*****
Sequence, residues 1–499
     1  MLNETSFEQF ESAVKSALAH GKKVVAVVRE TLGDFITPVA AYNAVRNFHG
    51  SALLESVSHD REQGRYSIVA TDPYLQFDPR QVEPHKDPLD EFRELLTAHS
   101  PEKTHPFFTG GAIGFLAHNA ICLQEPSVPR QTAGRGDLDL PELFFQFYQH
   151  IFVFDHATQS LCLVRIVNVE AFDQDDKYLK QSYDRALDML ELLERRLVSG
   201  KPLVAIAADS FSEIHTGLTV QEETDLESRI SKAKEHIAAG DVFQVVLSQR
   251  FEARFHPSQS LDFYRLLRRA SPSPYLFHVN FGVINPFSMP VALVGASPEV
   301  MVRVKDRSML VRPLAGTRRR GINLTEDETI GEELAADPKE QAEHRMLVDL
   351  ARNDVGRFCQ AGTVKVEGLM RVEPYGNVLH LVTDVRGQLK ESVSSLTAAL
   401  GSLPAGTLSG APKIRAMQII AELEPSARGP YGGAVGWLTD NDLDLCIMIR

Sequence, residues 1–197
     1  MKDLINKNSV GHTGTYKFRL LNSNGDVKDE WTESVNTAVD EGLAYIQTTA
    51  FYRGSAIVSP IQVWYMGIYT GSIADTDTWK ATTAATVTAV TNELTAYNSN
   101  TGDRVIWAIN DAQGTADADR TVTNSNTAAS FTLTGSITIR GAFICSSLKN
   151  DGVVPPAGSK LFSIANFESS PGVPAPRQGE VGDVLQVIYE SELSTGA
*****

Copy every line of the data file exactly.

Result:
Sequence, residues 1–499
     1  MLNETSFEQF ESAVKSALAH GKKVVAVVRE TLGDFITPVA AYNAVRNFHG
    51  SALLESVSHD REQGRYSIVA TDPYLQFDPR QVEPHKDPLD EFRELLTAHS
   101  PEKTHPFFTG GAIGFLAHNA ICLQEPSVPR QTAGRGDLDL PELFFQFYQH
   151  IFVFDHATQS LCLVRIVNVE AFDQDDKYLK QSYDRALDML ELLERRLVSG
   201  KPLVAIAADS FSEIHTGLTV QEETDLESRI SKAKEHIAAG DVFQVVLSQR
   251  FEARFHPSQS LDFYRLLRRA SPSPYLFHVN FGVINPFSMP VALVGASPEV
   301  MVRVKDRSML VRPLAGTRRR GINLTEDETI GEELAADPKE QAEHRMLVDL
   351  ARNDVGRFCQ AGTVKVEGLM RVEPYGNVLH LVTDVRGQLK ESVSSLTAAL
   401  GSLPAGTLSG APKIRAMQII AELEPSARGP YGGAVGWLTD NDLDLCIMIR

Sequence, residues 1–197
     1  MKDLINKNSV GHTGTYKFRL LNSNGDVKDE WTESVNTAVD EGLAYIQTTA
    51  FYRGSAIVSP IQVWYMGIYT GSIADTDTWK ATTAATVTAV TNELTAYNSN
   101  TGDRVIWAIN DAQGTADADR TVTNSNTAAS FTLTGSITIR GAFICSSLKN
   151  DGVVPPAGSK LFSIANFESS PGVPAPRQGE VGDVLQVIYE SELSTGA